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PREF-A C E.

THE year 1826 has been a busy year in almost every quarter of the world.

The variety and the importance of the negotiations, military operations, and measures of civil polity, which have been in progress, have added greatly to the ordinary labours of our task; and thus, in order to give a full delineation of the events and transactions of the year, we have been compelled to extend that portion of our volume, which is devoted to historical narrative, beyond its usual limits. This increase of size in the more important part of the work has made it necessary to allot to philosophy and miscellaneous literature fewer pages than we have generally done heretofore, or mean to do hereafter.

They who survey the contents of our history will not be surprised, that our period of publication should be a few weeks later than usual. Fully aware of the value and convenience of punctuality, we have taken care for several years that the appearance of the Annual Register should not be deferred

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beyond the month of June. But, on the present occasion, the greater degree of labour required in the composition of the volume rendered it impossible to complete it by the usual time, Had we attempted to hasten the period of our publication by a few weeks, we could not have presented to our readers so faithful and distinct a narrative of the business of the year as that which we now lay before them.

August 1st, 1827.

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State of the Country-Meeting of Parliament~King's Speech and the
Address-Measures proposed for relieving the Commercial Distresses
Prohibition against Stamping small Notes—Mr. Hume's Motion for
Returns of Bankrupt Country Banks--Bill brought in to prohibit the
Circulation of small Notes after Feb. 5th, 1829–Exception in favour
of the Bank of England~Mr. Hume's Motion to require Security from
Country Banks Reasons for limiting the Bill to England-Scottish
Banks

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CHAPTER II.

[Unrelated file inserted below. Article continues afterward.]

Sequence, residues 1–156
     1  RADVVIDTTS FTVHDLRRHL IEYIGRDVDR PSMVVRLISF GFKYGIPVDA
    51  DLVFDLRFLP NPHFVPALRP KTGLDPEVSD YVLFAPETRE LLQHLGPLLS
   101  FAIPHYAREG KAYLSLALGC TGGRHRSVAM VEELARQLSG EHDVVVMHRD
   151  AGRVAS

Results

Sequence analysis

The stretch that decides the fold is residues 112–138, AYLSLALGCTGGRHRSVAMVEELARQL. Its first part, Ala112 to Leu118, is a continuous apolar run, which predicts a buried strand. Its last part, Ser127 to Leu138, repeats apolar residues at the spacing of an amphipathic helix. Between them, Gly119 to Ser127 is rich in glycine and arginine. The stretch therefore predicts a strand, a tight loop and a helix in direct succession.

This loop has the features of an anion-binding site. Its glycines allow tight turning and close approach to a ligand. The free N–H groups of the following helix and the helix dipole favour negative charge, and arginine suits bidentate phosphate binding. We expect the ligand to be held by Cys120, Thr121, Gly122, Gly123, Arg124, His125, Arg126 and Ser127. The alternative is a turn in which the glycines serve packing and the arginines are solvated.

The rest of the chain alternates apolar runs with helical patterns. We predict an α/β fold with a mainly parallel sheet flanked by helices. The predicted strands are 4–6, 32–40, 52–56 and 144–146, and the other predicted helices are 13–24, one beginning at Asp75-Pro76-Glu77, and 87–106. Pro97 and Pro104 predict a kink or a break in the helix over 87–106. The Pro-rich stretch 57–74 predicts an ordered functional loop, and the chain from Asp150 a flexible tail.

-Arrangement with the Bank of England Bill brought into the House of

Lords to enable private Banks to have an unlimited Number of Partners Clause introduced authorising the Bank of England to establish Branch Banks Discussion on the Propriety of relieving the existing Distress by an Issue of Exchequer Bills-The Bank agrees to advance Money upon Security-Bill to enable Factors holding Documents of Property in Goods, to pledge them to the Bank as effectually as if they were the real Owners--Appointment of a Committee on Emigration. CORN LAWS: Mr. Whitmore's Motion-Bill to allow the admission of Bonded Corn into the Market-Bill to authorize Government to Import a limited quantity of Foreign Grain during the Recess-Mr. Ellice's Motion on the State of the Silk Trade-Petitions concerning the Navigation Laws-Mr. Huskisson's Statement of the Effects of the recent Alterations in these Laws-Relaxation of the Navigation Laws in favour of the new South American States.

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CHAPTER III.

FINANCE.-The Budget-Mr. Maberly's Resolutions on the National

Debt-Mr. Hume's Motion on the State of the Nation, and Forty-five
Resolutions regarding the FinancesOpposition to the Navy Estimates
-Mr. Hobhouse's Motion to reduce the Army-Discussion on the
Expense of the Diplomatic Establishment

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CHAPTER IV.

Bill to prevent Bribery at Elections-Resolutions against Bribery--Lord

John Russell's Motion on Parliamentary Reform-Mr. Abercromby's

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